Living and Working in Germany

If you are relocating overseas to Germany, there are a lot of things to consider. From typical working hours and benefits entitlements to business meetings and residency.

That’s why we’ve created our comprehensive guide to living and working in Germany. And, if you’re thinking of expanding your business internationally to Germany, make sure to explore our payroll and HR in Germany guide.

Living in Germany

What languages do they speak in Germany?

Though German is the main language of Germany, English is widely spoken. Around 56% of the population speak English, and in schools, English is the most important foreign language taught. However, if you are looking to live and work permanently in Germany, it is wise to start learning the language sooner rather than later. This will help you integrate into German society early on.

How long do you have to live in Germany before becoming a resident?

To gain permanent German residence, you must meet one of the following conditions. If you are deemed a highly qualified worker, you can be issued a settlement permit immediately. EU Blue Card holders can apply after working 33 months or if you are self-employed, you may be able to gain permanent residency after 3 years.

What are the legal requirements of moving to Germany?

Fortunately, US citizens do not need a visa to enter Germany as a tourist or for business for up to 90 days.

How much does it cost to live in Germany?

Fortunately, Germany is one of the more inexpensive European countries to live in. Household expenditure in Germany costs around €859 ($976) a month, according to the Federal Statistics Office. With utility bills costing on average just under €220 ($250) a month, a monthly train ticket costing approximately €70 ($80), and meal out for 2 people costing approximately €45 ($51) it’s an affordable country to live in.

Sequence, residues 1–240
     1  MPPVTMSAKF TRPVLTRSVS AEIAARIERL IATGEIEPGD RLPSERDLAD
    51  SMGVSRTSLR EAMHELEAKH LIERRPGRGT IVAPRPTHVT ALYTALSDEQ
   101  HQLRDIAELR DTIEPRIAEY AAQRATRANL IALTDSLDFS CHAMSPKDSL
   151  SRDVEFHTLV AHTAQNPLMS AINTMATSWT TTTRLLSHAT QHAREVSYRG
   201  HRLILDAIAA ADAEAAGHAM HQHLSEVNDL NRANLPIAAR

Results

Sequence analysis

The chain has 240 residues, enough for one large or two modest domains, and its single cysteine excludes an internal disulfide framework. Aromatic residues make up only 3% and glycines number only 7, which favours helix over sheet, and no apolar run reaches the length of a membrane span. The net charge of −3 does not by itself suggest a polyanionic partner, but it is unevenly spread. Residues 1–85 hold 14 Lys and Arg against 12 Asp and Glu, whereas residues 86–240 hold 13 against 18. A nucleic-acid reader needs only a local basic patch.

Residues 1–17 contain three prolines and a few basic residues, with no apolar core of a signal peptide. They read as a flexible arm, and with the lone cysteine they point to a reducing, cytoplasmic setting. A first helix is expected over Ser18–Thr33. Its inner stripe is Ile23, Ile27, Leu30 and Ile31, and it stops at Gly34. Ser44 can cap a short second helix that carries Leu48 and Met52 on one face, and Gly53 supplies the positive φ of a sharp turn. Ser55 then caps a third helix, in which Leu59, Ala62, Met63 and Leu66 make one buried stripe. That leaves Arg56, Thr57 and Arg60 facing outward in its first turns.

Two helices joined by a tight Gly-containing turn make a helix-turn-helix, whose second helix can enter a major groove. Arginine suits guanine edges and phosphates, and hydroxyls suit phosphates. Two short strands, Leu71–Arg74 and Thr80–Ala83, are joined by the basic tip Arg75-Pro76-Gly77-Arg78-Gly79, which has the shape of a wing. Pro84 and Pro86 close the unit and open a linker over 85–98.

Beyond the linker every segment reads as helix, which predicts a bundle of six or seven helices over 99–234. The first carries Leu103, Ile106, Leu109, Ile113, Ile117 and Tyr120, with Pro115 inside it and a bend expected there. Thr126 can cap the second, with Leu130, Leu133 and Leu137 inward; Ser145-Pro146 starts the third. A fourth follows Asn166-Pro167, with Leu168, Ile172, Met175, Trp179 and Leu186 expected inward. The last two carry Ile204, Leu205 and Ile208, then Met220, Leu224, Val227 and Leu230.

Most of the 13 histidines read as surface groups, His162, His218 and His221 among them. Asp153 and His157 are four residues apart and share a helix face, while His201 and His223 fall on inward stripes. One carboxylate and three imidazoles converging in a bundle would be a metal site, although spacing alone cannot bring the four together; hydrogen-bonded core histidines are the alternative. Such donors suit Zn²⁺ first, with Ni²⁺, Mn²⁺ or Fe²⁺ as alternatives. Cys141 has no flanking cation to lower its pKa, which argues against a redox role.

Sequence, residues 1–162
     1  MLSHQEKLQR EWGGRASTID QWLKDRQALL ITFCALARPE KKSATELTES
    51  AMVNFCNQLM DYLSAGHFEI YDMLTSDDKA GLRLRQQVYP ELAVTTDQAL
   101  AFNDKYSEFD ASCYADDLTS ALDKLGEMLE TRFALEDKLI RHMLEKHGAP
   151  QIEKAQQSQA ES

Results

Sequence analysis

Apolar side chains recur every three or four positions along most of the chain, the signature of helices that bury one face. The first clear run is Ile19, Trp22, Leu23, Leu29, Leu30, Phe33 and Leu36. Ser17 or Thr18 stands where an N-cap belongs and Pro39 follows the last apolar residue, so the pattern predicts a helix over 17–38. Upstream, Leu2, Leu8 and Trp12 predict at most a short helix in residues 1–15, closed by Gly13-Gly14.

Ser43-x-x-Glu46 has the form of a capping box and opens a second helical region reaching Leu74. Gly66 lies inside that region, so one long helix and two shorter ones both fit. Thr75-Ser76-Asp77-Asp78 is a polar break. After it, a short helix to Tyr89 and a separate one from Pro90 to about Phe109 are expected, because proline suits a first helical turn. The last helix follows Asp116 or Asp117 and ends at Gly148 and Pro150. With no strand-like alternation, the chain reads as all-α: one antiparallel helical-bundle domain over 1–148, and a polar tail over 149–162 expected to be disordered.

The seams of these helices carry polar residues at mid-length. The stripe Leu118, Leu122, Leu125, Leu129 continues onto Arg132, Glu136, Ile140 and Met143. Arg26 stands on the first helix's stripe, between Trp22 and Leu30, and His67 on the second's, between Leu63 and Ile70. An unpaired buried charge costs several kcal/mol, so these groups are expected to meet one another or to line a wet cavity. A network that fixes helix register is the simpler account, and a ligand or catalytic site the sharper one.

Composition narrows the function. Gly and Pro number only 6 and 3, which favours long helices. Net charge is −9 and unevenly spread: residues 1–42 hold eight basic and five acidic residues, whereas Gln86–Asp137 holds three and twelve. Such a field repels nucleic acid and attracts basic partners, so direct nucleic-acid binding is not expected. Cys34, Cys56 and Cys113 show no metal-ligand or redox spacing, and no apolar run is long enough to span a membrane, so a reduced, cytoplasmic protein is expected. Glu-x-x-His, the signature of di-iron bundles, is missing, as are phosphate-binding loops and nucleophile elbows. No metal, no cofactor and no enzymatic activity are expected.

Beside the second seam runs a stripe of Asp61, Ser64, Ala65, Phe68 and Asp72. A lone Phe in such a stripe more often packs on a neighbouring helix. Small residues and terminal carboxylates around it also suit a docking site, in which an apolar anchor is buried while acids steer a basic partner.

How do you buy a property in Germany?

Fortunately, there is no special paperwork or requirements for foreigners wishing to buy property in Germany. You simply find a property, make an offer, a ‘notar’ will draw up the contract and you will finalize the mortgage and sign the contract.

Can I drive in Germany with a US license?

If you wish to continue driving in Germany after 6 months, you must be in possession of a German license. However, as a US citizen, if you are only intending to stay for less than a year, you can drive on your US license for up to 364 days. To make this happen, you will need to go to a driver registration office before the end of the 6 months expiry date and provide proof you will be leaving Germany before the year ends.

How expensive is education?

Positively, higher education in Germany costs significantly less than the US. Most universities do not charge tuition fees for students, including foreigners.

How do I open a bank account in Germany?

To open a bank account in Germany you will need your passport and proof of registration. You will also potentially require proof of income in the form of payslips. To gain proof of registration, you must register your address with the Bürgeramt. This process must be done when you change address in Germany.

What healthcare is there?

If you are a resident in Germany, you may be eligible for state healthcare. However, you must be registered with state health insurance. If not, you must be covered by private health insurance in Germany.

 

 

Working in Germany

What are the usual working hours in Germany?

Employees are legally allowed to work 48 hours a week, 8 hours a day. Saturday is classified as a normal working day, so if employees were to work a standard five-day week, their hours would total 40 hours.